Authors: Desmond Seward
Table of Contents
THE HUNDRED YEARS WAR
Desmond Seward was born in Paris and educated at Cambridge University. He is the author of
Richard III: England’s Black Legend, The Monks of War,
The Wars of the Roses.
For my godsons
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First published in Great Britain by Constable and Company Limited
First published in the United States of America by Atheneum Publishers 1978
Published in Penguin Books 1999
Copyright © Desmond Seward, 1978
Maps and battle diagrams drawn by Patrick Leeson.
All rights reserved
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eISBN : 978-1-101-17377-0
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My first debt is to two Benedictine monks, Dom Marcel Pierrot and Dom Jean Bequet of Ligugé, who took me over the battlefield of Poitiers sixteen years ago. I am sincerely grateful to them for starting my interest in the Hundred Years War, and to their monastery for its memorable hospitality.
I am especially indebted to Mr Reresby Sitwell for much encouragement, for many useful ideas, and for reading the typescript and the proofs; to Mrs Prudence Fay for her invaluable editorial criticisms; to Sir Iain Moncreiffe of that Ilk for the suggestion that Charles VI’s madness may have been caused by porphyria; and to Commander W. F. Patterson, RN(Retd), Chairman of the Society of Archer-Antiquaries, for the diagrams of the long-bow and crossbow and for advice on the technical points of medieval bowmanship.
Among those who gave me information about the part played by their families in the Hundred Years War were Lord Mowbray, Segrave and Stourton, Lord Dunboyne and the Hon Nicholas Assheton. Lord Mowbray supplied me with material about the life of his ancestor the first Lord Stourton, who had an unusually profitable career during the later stages of the War, Lord Dunboyne provided me with details about the Butlers and other Irishmen in France, while Mr Assheton drew my attention to Sir John Assheton who served with Henry V in Normandy.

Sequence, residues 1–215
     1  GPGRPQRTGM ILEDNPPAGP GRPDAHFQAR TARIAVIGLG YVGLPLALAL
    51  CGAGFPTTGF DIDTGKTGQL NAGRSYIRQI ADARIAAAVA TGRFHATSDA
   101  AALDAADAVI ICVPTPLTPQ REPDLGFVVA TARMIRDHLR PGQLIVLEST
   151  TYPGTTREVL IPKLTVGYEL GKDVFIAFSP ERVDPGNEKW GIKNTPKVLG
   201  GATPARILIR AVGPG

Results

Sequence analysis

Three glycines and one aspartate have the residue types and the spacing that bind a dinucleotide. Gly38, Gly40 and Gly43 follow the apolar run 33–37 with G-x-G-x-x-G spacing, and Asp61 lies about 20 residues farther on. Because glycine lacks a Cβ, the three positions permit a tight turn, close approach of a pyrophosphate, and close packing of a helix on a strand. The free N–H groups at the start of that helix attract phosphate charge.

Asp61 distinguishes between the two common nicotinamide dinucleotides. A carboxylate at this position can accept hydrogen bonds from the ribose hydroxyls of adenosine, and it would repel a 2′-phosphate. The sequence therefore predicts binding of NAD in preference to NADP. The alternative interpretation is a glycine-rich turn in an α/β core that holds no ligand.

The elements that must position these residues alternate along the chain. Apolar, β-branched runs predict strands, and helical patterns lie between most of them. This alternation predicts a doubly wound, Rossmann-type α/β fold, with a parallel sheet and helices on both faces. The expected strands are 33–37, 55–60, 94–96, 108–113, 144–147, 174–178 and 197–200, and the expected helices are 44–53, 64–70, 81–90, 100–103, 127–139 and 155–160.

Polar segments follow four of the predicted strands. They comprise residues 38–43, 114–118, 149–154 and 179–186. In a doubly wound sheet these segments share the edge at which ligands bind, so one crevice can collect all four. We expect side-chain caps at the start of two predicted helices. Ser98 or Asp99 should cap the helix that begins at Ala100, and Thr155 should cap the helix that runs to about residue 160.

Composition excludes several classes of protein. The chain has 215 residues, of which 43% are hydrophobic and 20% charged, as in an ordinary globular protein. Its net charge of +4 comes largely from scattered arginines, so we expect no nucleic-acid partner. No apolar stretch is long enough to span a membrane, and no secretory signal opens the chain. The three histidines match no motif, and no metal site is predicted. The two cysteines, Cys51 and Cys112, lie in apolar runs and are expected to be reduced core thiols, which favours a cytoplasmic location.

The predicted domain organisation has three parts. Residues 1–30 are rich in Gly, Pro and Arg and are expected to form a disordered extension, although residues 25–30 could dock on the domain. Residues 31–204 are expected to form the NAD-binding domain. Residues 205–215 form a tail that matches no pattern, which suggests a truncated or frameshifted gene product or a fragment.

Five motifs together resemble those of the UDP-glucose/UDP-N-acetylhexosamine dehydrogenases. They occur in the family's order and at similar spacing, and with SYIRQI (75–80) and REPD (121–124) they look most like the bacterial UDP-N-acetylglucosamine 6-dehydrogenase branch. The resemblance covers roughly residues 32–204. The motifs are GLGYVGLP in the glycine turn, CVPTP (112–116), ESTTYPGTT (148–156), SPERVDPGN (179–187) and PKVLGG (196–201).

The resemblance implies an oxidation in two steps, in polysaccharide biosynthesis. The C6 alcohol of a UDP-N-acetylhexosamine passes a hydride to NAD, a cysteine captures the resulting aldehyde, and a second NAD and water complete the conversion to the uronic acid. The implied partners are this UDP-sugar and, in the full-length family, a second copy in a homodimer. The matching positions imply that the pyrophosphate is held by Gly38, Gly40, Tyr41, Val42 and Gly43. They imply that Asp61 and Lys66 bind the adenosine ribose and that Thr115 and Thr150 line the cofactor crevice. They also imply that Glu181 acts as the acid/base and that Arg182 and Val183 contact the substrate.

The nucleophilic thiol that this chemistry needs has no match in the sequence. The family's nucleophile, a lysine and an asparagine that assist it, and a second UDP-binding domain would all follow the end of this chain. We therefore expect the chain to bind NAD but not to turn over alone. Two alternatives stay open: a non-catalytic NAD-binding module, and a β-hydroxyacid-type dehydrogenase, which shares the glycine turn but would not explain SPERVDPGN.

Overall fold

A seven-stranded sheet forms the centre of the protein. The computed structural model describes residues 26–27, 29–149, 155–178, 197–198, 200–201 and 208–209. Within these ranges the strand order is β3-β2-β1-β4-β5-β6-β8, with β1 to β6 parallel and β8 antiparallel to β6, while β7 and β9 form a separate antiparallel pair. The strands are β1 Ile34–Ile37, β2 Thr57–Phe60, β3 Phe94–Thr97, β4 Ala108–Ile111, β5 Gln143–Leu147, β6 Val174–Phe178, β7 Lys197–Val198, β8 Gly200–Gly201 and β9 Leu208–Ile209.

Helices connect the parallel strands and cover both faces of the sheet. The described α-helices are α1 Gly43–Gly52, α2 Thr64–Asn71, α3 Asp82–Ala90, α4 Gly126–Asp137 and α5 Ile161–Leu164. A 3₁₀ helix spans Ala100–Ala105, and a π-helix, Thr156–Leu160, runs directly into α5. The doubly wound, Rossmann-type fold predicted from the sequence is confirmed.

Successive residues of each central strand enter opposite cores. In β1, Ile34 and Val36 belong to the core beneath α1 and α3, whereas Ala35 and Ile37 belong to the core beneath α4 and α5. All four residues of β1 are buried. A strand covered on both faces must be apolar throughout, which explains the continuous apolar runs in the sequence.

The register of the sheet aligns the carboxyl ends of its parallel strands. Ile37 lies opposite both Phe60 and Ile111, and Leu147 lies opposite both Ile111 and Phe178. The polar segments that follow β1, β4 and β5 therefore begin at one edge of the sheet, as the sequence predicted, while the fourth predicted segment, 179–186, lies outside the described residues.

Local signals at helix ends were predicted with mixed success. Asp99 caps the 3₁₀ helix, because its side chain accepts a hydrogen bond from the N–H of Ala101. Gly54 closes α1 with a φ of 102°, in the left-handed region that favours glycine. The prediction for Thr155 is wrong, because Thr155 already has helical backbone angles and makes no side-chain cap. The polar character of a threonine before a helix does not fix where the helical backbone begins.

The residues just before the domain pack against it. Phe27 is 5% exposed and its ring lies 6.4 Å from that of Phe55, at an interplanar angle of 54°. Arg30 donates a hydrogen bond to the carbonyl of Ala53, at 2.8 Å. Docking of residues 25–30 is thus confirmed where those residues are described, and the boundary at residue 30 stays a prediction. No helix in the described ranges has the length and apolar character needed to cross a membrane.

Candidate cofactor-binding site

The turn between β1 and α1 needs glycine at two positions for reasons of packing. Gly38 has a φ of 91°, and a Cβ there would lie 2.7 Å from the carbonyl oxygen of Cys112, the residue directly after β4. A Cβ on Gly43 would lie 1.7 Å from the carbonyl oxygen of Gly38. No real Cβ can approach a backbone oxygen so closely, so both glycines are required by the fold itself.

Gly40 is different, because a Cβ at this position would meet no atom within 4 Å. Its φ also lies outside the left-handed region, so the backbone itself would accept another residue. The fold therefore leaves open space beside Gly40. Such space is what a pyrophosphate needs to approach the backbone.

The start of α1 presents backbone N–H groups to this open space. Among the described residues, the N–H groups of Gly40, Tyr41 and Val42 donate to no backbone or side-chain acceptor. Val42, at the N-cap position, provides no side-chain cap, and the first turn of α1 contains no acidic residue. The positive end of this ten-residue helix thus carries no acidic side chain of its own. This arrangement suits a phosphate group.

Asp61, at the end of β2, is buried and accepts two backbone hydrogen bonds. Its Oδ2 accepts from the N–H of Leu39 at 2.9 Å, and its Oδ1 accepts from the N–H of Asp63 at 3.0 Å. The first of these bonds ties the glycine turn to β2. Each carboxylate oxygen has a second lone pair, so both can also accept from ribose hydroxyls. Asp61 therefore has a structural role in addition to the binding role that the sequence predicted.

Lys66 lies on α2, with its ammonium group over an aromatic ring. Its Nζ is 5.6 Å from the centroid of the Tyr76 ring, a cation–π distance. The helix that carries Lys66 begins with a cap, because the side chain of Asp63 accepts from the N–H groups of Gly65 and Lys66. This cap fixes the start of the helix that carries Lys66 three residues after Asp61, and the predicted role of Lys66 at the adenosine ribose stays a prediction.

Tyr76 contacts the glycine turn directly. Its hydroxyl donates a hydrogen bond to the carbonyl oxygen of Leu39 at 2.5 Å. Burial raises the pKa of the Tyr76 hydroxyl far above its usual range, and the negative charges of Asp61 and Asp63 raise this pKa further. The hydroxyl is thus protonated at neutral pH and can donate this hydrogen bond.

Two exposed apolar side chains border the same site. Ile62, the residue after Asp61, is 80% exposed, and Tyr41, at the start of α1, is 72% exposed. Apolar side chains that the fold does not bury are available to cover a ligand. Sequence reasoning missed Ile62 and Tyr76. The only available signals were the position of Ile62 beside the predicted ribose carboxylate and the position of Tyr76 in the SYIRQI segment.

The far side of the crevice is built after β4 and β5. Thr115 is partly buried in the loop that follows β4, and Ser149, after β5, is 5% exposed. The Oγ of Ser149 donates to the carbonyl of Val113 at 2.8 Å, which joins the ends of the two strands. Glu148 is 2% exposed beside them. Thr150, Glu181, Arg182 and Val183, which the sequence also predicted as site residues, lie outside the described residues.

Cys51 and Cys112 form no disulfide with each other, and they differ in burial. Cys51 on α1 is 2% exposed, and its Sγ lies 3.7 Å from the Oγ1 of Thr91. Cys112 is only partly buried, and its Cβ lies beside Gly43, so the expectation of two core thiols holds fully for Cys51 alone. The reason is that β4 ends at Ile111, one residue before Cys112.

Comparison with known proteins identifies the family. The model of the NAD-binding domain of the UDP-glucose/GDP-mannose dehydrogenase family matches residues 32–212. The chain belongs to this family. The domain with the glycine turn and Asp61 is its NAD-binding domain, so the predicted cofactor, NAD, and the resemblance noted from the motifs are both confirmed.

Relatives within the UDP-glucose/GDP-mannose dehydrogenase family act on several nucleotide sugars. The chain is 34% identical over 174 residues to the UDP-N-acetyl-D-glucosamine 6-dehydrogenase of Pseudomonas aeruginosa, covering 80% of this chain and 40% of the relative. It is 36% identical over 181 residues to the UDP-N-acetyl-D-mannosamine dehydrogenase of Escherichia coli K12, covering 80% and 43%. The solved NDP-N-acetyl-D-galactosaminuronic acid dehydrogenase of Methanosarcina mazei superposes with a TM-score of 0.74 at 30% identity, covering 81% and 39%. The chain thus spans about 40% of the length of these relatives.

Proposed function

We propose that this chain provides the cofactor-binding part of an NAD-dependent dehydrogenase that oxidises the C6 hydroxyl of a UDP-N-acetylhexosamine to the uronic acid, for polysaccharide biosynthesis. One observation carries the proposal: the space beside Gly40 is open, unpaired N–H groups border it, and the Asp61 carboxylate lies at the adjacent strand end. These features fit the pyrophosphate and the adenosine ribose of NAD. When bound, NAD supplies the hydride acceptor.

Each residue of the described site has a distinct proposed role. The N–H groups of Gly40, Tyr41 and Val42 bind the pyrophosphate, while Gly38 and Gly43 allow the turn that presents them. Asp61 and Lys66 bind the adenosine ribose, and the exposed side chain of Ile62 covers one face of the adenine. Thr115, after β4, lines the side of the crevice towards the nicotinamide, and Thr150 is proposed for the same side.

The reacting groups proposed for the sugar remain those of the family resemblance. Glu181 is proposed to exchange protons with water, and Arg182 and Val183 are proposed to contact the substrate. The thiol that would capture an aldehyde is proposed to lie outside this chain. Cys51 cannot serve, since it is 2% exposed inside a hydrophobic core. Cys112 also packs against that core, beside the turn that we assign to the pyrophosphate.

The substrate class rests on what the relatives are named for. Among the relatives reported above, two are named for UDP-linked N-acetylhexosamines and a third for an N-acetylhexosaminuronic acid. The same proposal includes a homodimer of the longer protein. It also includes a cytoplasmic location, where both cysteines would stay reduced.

I must also thank Mr Michael Thomas, Mr Christopher Manning, Mr Hubert Witheford and Mr David Beynon, and Miss Mollie Luther who helped find the illustrations.
Finally I would like to express my gratitude to Mr Richard Bancroft of the British Library, to Mr Esmond Warner, the Honorary Librarian of Brooks’s, and to Miss E. V. Baird and Miss E. A. Hollingdale of Brighton Library.
Do you not know that I live by war and that peace would be my undoing?
Sir John Hawkwood
This is a short, narrative account of the Hundred Years War for the general reader. Other studies have either been translated from the French, and dismiss Agincourt in a few lines, or are too scholarly. However, while this book is not for the specialist, it nevertheless makes full use of the recent research which has radically altered the traditional picture of the War.
The phrase ‘The Hundred Years War’ only gained currency during the late nineteenth century. In fact it gathers together a series of wars which lasted longer than a hundred years. They are generally assumed to have begun in 1337 when Philip VI of France ‘confiscated’ the English-held Duchy of Guyenne from Edward III, who then claimed the French throne, and to have ended in 1453 when the English finally lost Bordeaux. For most of the period England enjoyed a remarkable military superiority thanks to the fire-power of the long-bow.
Some of the battles are part of the English legend, like the glorious victories of Crécy, Poitiers and Agincourt, but there are also the little known (to Englishmen) defeats at the end when French cannon routed their once invincible archers. The protagonists are among the most colourful in English and French history: Edward III, the Black Prince, and the even more formidable Henry V; the splendid but inept John II who died a prisoner in London, the sickly, limping intellectual Charles V, who very nearly overcame the English, and the enigmatic Charles VII (Joan of Arc’s Dauphin) who at last drove them out. The supporting English cast included such men as Sir John Chandos, John of Gaunt, the Duke of Bedford and Old Talbot, as well as Sir John Fastolf—the original of Shakespeare’s Falstaff. On the French side were figures like the Constable du Guesclin, the Bastard of Orleans and the witch-saint from Domrémy.